Social Studies and the Young Learner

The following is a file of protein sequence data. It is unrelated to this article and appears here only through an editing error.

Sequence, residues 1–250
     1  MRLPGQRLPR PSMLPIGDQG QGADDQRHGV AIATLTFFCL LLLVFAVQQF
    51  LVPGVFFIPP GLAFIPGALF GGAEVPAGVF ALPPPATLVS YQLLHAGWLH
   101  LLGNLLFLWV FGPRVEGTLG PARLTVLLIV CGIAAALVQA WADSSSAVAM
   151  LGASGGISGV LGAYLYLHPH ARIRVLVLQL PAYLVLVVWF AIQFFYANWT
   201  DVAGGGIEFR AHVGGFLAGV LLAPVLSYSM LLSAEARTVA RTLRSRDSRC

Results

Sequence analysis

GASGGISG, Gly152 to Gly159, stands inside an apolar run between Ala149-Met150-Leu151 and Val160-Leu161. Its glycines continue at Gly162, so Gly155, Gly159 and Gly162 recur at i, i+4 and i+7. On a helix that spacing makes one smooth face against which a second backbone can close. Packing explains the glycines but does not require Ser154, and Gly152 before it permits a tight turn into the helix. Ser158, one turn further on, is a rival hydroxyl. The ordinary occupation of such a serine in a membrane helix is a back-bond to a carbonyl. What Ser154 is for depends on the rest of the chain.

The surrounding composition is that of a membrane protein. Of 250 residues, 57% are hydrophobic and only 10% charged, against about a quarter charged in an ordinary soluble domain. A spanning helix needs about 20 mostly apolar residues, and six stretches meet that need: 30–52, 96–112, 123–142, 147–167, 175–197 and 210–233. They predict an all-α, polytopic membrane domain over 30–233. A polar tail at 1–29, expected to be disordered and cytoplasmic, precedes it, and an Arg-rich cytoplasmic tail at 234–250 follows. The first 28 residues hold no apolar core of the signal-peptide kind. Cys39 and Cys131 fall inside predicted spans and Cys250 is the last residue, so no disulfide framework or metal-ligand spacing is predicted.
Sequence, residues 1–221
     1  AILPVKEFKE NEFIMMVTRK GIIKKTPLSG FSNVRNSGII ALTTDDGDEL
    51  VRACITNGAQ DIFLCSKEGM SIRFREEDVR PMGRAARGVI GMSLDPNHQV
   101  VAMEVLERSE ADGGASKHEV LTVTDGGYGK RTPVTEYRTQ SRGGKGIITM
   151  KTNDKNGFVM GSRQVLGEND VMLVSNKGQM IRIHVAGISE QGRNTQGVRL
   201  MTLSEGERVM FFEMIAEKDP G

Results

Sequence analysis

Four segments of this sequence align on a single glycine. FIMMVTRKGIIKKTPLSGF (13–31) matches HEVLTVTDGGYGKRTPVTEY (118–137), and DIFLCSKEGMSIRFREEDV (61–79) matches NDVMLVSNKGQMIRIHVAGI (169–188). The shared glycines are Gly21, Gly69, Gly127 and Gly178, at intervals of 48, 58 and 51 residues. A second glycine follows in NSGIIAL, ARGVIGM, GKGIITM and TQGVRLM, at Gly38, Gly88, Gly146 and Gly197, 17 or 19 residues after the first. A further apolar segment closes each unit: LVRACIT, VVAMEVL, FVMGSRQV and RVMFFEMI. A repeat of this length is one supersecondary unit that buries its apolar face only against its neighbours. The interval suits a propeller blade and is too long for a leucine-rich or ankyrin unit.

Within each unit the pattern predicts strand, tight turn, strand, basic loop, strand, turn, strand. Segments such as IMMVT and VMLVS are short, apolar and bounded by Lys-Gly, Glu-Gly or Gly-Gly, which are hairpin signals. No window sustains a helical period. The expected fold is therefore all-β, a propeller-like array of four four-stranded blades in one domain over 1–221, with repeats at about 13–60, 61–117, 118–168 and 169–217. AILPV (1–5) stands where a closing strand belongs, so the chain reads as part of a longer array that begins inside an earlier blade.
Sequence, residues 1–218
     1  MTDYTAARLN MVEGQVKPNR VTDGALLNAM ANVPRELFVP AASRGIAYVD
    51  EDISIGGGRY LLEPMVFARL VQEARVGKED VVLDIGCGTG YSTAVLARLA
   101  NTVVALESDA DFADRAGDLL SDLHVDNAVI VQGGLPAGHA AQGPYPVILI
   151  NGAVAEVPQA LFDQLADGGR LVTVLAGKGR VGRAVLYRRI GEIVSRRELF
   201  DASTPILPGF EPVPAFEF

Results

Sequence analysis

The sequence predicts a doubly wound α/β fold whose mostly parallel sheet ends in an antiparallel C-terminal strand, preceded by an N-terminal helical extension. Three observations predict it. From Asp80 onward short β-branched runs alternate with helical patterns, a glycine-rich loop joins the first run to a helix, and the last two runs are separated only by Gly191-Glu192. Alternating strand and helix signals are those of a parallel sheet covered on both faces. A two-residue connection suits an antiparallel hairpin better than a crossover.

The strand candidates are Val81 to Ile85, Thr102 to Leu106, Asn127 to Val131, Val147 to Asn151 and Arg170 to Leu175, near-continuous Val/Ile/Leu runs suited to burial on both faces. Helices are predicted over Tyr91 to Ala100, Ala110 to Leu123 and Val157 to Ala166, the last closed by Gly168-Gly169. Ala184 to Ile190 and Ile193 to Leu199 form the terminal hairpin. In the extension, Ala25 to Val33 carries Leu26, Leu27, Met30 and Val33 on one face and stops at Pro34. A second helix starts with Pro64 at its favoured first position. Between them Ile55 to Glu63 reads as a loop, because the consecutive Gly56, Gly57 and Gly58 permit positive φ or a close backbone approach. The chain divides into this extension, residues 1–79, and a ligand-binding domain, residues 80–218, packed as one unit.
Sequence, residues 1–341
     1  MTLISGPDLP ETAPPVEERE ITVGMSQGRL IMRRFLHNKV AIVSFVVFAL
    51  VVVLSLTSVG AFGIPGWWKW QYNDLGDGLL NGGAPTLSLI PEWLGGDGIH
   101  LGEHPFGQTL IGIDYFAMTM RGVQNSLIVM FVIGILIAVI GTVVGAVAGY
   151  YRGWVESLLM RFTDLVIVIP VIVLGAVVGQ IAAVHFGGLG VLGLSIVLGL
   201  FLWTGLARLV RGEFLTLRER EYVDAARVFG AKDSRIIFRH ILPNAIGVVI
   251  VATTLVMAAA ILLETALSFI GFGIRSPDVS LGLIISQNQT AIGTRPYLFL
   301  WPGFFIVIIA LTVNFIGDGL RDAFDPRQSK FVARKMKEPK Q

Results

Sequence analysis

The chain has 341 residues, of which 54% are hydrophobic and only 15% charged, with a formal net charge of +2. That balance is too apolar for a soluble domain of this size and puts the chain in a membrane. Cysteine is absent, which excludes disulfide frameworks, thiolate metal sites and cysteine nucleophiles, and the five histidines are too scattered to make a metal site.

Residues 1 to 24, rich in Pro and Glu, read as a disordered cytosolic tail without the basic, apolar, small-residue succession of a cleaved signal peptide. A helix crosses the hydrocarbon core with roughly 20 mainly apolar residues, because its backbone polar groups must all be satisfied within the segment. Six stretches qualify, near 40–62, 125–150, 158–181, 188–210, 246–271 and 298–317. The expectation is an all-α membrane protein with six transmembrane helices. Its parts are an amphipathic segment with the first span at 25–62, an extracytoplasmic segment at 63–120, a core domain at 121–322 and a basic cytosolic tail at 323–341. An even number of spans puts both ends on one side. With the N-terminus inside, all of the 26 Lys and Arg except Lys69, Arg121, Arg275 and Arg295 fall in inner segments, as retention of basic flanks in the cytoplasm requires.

In this unit. and arts. and keep diaries of plant growth over a couple of weeks. Are signs needed to inform people where the restrooms are located? Then we’d better talk about what signs are needed and where to place them. and developing skills and language associated with the work. Builders must locate walkways that will steer pedestrians around vulnerable plantings. Will a small tree grow up to be big and crowd the picnic shed? Then we’d better separate the two with some more space. painters must carefully dispose of their paint to avoid contaminating the water supply.emotionally as they imagined real-world possibilities (high affective). but would overrun structures and trees. action-research project focusing on student engagement. were involved in piloting the curriculum and then serving as further examples for our observation. low socio-economic areas in southwestern Sydney. Washington. observe what happens. they thought about questions such as: What clothing do we wear to perform our work and keep us safe? What tools and equipment will we use? Who can we ask to help us with our job? The school’s ground staff can become experts for the children to consult. students carefully observed facilities and equipment in their school playground. only larger.” A class was typically involved in this project two hours a day over three to six weeks. each specialist needs to know the laws that apply to his or her work. Also. not in the middle of it. streams. They might choose to build a bridge where the water drains. slides. such as vines that might look pretty. lakes. knowing what each plant needs to survive. As a science activity. regional and national parks. Specializing invited to give advice about skills. For example. or other natural features. Will pedestrians want to walk from the playground directly to the picnic shelter? Then we’d better place the flowerbed along side that straight-line pathway. Across the classrooms we have observed. We observed these classrooms over several years as part of a long-term.” or filling out the mural with the built features of the environment. Finally. Painters need to select tough. “using” tools (with care).4 In all of the classrooms we observed. For example. the planners have to integrate knowledge from all of the disciplines in the humanities.” Students were invited to become “park planners and developers. and. They painted a section of the classroom bulletin board to include trees. that depicted an undeveloped plot of land. The Learning Experience The observations recorded here are from several classrooms in culturally diverse.” working to create a park to suit the needs of their local community.and post-unit interviews with students and teachers. Cooperating The teacher organized students into teams of builders. Addressing these issues requires that builders. gardeners must choose some appropriate plants. children set up seed germination tubs. grassy areas. As the children constructed eleven-inch paper models depicting themselves in one of these roles. teachers introduced their students to an imaginary scenario about “a gift of vacant land. as well as pre. challenge the children’s social and civic understandings as they explore ways to resolve these problems. Pennsylvania and Seattle.) We collected extensive data from observations. Gardeners must choose plants that will not cause problems. or mural. and sunlight. soil. children typically construct swings. bushes. the children constructed a classroom frieze. Builders must construct safe shelters and walkways. where will we place the trees? Will there be adequate water. planters. The teacher then encouraged students to discuss their ideas for the park and recorded various proposals. and painters work together. The classes described here were all involved in the same integrated social studies unit of work. After viewing a real vacant lot (selected by the teacher). This unit of study complements other aspects of the curriculum. This frieze formed the “work space” for the young planners—just like the drafting paper that real architects or planners might use. the children were ready for the important job of “building the park. (Additionally. Groups of children can use their imaginations and engage in role playing to demonstrate some of the work they would perform daily—exploring behaviors. Then the teacher asked: What would we like to build in our new park? What would be best for different sorts of people who might use this community park? In order to answer such questions. To create a successful park that will meet the needs of many users. schools in Stroudsburg. “Solving Problems in the Park. and gardeners—three roles familiar to kindergarten children and ones they can readily explore in more depth. we discuss why active citizenship learning of this type is essential for young children and a healthy democracy. the children saw this to be an exciting challenge. sciences. Australia. sports September / October 2011 25 . root space. depending on how teachers integrated their lessons over the days. painters. graffiti and bullying. These activities are reflected in the classroom discussions about park planning. parks in the local area. and sunlight for each one? Constructing At this point. and qualifications needed for specific jobs. in some cases. Parents or community members can be These specialists must also cooperate with each other as they plan a park. To construct a sustainable park. outdoor paint (for structures like picnic sheds and park benches) and durable wood or metal for park signs. near their schools. as well as how to work together as a team. They investigate how plants depend on and use water. specialized equipment. Would a person in a wheelchair have access to each area of the park? Let’s be sure that we have the ramps and signs to make it possible. The two key problems that arise in the playground.